Fitbit on the wearer's wrist. Woman is holding an iphone with which to check the Fitbit app.

Tracking health and fitness is all the rage. Should you jump on the bandwagon? Can you? That is, are these tracking devices accessible to users who are blind?

I've tried two such devices: the Fitbit Flex™ (usually just called Fitbit) and the Up24™ from Jawbone.

Accessibility Bottom Line

The Fitbit is light-years ahead of the Up24 in terms of accessibility. If you are choosing between the two, and you are visually impaired, get the Fitbit, no doubt about it. The initial setup is much more accessible, and the daily use of the device is much more accessible.

What Do These Things Do?

In simple terms, they log and report the steps you take. Basically, you wear a wristband with a small device, and that device talks to your smart phone via Bluetooth (don't worry, it's just a wireless thing that lets the info from your Fitbit go to the phone). An app on your phone lets you see how many steps you've done so far today, go back to previous days, check the status of the battery on the device, and many other things. It also uploads the info to your online account, if you set one up, so you have access to even more.

With the Fitbit, my favorite feature is the way you can make a circle of friends. This is how I got involved in the first place—my friend wanted to get more exercise, and bought a device. She showed me how she had a circle of friends who could see each other's 7-day totals, and could send each other "cheers." (They could send each other "taunts," too, but who would do that?)

So, I bought a Fitbit and joined her circle. Then my friends joined. You can invite friends of friends, too.

Is this support or competition? Well... both. Some friends are highly competitive and work to be at the top of the 7-day list. Others are less intent on being at the top, and send cheers to friends at the top, or who climb suddenly. Either way, it's a great tool to form circles of people trying to get moving.

Marathon Training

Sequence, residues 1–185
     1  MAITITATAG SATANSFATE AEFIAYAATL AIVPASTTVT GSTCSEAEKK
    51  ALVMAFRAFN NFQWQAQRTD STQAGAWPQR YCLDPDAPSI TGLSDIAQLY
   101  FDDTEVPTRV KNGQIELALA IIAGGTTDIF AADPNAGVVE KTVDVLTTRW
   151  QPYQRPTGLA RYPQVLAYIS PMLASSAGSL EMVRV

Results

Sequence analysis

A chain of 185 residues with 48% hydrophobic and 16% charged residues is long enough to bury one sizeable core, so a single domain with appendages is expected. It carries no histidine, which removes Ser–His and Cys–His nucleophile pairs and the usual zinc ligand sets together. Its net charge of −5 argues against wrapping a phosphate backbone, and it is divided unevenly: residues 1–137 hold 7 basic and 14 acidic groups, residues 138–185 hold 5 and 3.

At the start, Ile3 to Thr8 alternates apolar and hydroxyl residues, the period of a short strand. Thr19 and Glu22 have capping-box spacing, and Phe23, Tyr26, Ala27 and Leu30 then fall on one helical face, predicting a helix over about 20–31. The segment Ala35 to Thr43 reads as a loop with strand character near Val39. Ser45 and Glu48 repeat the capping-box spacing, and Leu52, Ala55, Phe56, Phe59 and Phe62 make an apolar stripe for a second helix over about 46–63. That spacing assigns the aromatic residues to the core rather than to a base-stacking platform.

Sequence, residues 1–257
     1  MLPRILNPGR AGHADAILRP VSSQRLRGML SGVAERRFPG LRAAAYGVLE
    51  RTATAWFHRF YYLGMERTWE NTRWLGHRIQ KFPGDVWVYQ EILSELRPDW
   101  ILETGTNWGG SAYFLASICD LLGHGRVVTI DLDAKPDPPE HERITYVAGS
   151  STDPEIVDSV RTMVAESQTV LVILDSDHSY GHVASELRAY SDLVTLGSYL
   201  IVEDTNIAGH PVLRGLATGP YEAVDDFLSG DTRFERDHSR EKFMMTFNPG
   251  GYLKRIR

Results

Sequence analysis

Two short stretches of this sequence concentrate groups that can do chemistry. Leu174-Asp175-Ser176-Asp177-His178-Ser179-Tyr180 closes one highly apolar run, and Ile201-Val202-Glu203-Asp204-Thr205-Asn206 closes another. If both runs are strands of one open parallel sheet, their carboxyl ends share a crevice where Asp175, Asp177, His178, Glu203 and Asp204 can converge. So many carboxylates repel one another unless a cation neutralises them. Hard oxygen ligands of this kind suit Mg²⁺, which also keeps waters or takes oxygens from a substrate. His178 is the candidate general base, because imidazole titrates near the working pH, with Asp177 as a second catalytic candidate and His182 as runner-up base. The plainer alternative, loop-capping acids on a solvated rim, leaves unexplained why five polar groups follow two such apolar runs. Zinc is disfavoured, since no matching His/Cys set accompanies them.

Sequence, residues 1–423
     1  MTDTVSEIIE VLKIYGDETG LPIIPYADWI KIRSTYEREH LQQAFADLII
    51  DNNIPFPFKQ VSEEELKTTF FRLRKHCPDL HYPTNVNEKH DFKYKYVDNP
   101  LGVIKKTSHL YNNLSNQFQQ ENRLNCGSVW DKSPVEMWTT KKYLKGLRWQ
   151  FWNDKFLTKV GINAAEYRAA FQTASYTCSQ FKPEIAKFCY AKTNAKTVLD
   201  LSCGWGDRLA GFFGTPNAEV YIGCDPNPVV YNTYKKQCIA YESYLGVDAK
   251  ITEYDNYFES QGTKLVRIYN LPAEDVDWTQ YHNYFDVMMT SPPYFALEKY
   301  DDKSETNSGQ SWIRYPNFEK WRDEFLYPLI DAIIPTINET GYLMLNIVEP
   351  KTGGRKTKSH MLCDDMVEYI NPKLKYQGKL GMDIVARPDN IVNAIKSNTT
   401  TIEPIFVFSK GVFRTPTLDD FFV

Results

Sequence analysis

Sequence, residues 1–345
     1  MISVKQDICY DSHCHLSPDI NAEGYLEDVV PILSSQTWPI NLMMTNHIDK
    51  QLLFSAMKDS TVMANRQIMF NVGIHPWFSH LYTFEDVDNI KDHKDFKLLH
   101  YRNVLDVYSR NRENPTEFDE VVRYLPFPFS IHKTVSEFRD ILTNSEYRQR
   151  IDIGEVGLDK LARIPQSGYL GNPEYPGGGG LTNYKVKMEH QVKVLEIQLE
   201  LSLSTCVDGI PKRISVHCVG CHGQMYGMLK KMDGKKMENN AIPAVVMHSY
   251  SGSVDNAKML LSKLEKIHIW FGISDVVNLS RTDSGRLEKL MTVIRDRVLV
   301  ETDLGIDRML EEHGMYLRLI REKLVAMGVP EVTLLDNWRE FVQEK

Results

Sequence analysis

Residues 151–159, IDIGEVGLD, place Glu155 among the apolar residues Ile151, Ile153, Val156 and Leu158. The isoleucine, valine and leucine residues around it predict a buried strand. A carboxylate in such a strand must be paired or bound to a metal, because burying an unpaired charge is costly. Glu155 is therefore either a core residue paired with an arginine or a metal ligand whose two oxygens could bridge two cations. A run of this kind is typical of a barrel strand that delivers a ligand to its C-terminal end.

Athletes who are blind or visually impaired are always looking for tools that will help them improve their performance. Sighted runners and cyclists have a lot of choices of advanced watches, heart rate monitors, and apps to help log and monitor workouts.

So, will the Fitbit do the trick?

Measuring your marathon training in steps is a little like a billionaire doing accounting in pennies. Yes, a 20-mile run is done one step at a time, and counting the steps isn't exactly invalid, but what runners really want to know includes minutes per mile, heart rate, split times over a distance, and such. The Fitbit app is accessible, but it isn't this. It is really suited to the person for whom walking to the corner to catch the bus would be an exercise improvement.

Is This a Good Gift Idea?

If your friend wants to get more exercise, and likes technology, and has a smart phone, I'd say yes. I'm loving mine, and I don't even mind (OK, I enjoy) the taunts from my friends when they pass me on our 7-day totals.

One Problem to Watch Out For

The clasp on the Fitbit Flex band clings precariously. The band is light and comfortable, and its disappearance is hard to detect. So, I've scattered quite a few of these gizmos around the city. Sometimes people bring them back to me, but mostly I've become a regular at Best Buy. I'm counting on this one to last until the Apple Watch comes out and I can decide if I should go that route.

Want a lot more detail about these and other devices? See the AccessWorld™ article Get in Shape with the Fitbit Flex from a few months ago and the AccessWorld™ article Mobile Connected Health Devices: The Future of Health Technology? from November's issue.